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What Is the January Effect?

Jan. 8, 2013
3 mins
A woman on an airplane uses her computer during flight

Among investment circles, it’s a well known fact that the stock market generally sees an upswing in the month of January. It’s a somewhat reliable trend that can allow investors to make money, if they play it right. But should you take advantage of this phenomenon, known as the "January Effect"?

How you can make money

Simply, buy when the market is somewhat lower in December and sell of your stocks during the higher flying days of January to bring in a profit. Again, since the trend impacts smaller companies, not the big Fortune 500, focus your investment strategies on many small players.

Why it happens

The theory is that some investors sell off stock at the end of the year for tax purposes — that’s why this is also called tax loss harvesting. They buy it up again in January, adding to the activity and the prices in the market. The upswing tends to impact mostly small and medium sized companies selling on the stock market.

What's the catch?

The big problem with this approach is you don’t know if it’s going to work until the project is in full swing. Some experts say the trend has been less pronounced in recent years because more people are using sheltered retirement savings products, both in Canada and the U.S. But a huge event: such as a natural disaster in a powerful country or another event that impacts the economy could easily wipe away these small gains.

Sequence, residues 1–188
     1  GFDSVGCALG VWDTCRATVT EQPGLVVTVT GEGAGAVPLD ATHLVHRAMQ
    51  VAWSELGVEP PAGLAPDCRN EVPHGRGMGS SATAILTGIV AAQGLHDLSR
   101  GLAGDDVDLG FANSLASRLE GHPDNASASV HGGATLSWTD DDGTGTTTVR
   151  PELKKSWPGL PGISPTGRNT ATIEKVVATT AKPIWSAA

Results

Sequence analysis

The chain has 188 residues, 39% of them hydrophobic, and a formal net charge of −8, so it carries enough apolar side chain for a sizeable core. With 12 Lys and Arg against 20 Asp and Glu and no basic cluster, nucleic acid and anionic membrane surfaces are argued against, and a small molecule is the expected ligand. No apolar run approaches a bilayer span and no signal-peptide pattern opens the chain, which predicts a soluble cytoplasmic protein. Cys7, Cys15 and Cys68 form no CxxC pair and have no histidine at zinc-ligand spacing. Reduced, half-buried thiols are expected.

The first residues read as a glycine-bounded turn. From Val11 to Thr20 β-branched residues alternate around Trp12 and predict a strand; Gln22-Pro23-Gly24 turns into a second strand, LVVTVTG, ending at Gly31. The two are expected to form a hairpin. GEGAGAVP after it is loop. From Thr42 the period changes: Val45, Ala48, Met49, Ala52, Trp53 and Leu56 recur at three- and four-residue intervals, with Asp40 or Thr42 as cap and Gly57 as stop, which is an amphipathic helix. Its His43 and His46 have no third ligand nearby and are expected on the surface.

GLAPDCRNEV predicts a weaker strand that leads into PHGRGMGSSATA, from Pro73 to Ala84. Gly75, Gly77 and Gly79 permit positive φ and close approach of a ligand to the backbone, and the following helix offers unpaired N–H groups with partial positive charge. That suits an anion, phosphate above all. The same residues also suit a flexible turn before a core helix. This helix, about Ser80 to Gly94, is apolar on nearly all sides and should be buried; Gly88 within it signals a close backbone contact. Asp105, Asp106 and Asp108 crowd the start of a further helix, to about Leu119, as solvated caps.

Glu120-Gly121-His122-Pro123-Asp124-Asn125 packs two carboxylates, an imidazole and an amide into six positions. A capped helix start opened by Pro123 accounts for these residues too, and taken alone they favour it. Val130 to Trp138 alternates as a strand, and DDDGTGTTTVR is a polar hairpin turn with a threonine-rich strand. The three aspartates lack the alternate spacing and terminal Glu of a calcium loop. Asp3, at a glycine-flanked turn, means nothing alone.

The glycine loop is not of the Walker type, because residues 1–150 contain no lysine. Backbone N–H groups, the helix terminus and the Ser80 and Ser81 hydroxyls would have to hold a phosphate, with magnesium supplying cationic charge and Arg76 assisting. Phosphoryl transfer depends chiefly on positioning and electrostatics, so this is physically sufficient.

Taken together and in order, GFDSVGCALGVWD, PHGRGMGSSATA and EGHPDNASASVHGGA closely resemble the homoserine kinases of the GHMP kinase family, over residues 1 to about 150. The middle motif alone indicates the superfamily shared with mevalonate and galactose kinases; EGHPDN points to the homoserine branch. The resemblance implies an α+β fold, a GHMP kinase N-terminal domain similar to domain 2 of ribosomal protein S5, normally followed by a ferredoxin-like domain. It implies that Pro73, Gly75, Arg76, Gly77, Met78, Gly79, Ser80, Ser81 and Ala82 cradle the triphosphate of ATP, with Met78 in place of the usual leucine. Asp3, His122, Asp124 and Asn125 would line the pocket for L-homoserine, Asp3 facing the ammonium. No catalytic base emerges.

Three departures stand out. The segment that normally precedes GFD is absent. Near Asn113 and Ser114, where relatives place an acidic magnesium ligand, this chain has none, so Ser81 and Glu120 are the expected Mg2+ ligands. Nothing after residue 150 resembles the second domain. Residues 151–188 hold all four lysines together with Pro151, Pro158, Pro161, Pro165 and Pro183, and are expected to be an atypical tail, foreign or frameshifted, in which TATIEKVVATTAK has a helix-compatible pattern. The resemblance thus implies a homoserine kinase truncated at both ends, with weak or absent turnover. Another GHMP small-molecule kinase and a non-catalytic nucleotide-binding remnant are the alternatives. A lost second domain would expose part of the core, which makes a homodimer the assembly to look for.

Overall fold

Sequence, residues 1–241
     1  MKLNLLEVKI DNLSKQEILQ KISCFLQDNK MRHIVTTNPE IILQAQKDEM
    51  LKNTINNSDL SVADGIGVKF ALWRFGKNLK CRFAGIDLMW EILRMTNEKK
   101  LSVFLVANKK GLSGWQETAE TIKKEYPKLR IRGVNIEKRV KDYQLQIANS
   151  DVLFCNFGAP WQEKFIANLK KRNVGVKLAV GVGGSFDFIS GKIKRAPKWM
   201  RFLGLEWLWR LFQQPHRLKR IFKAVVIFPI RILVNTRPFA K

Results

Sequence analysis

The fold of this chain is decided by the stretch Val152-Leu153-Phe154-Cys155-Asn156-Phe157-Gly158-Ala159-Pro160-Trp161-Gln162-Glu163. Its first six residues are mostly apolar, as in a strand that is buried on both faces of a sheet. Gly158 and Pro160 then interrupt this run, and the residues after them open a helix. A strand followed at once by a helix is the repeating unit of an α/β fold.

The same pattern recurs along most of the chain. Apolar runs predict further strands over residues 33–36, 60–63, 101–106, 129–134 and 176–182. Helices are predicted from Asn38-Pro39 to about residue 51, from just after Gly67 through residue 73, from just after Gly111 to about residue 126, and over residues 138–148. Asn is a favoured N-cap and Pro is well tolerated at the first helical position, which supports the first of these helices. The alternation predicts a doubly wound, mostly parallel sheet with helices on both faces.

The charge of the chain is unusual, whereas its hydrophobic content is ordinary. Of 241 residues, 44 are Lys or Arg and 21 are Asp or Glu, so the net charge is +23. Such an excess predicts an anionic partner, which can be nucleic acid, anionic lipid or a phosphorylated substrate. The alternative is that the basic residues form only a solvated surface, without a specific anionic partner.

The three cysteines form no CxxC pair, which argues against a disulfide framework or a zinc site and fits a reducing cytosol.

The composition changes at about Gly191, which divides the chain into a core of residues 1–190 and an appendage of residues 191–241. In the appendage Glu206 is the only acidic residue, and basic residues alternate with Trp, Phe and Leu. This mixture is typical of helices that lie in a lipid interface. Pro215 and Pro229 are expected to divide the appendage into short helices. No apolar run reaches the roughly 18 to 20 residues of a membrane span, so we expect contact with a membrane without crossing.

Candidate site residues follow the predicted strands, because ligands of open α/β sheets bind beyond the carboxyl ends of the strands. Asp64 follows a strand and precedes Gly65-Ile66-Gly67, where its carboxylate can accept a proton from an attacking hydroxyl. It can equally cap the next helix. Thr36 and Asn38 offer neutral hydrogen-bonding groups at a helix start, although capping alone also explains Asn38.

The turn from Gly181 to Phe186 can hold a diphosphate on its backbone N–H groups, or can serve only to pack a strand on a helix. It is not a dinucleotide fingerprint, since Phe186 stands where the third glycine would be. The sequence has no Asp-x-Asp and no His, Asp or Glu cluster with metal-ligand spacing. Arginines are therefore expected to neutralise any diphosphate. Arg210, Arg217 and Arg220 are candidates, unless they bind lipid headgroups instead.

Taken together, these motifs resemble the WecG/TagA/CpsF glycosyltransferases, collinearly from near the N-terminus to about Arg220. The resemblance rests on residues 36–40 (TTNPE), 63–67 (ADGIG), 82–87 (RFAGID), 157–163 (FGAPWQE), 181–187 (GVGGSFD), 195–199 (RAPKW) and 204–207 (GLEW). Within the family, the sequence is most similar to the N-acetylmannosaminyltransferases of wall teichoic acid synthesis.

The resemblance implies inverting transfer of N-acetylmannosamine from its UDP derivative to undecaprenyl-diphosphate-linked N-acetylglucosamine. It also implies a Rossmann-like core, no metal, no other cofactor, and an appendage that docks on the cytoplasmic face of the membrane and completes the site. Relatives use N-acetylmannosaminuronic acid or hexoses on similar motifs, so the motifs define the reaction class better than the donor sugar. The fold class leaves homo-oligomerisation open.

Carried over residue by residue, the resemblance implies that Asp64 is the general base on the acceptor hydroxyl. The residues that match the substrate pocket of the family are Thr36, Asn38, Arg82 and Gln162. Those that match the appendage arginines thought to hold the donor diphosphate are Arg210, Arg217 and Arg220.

This year's market activity

So far, markets this January are playing by the rules. Thanks to good job news in both Canada and the U.S., North American markets were up in the first week of trading for the month. But it's early days, as they say.

The recently averted fiscal cliff is causing some investment experts to theorize on its effects on the market. Some are saying that the effect will be big this year as wealthy U.S. investors sold off at the end of 2012 to avoid possible tax hikes in the new year.

Meanwhile, since the crisis has been averted, critics are now worried about the huge U.S. deficit and ongoing concerns about another recession, which could impact the market.

If you want to try to ride this interesting annual phenomenon, do your own research, talk to an advisor and  see if it makes sense to try if not this year, then maybe next.

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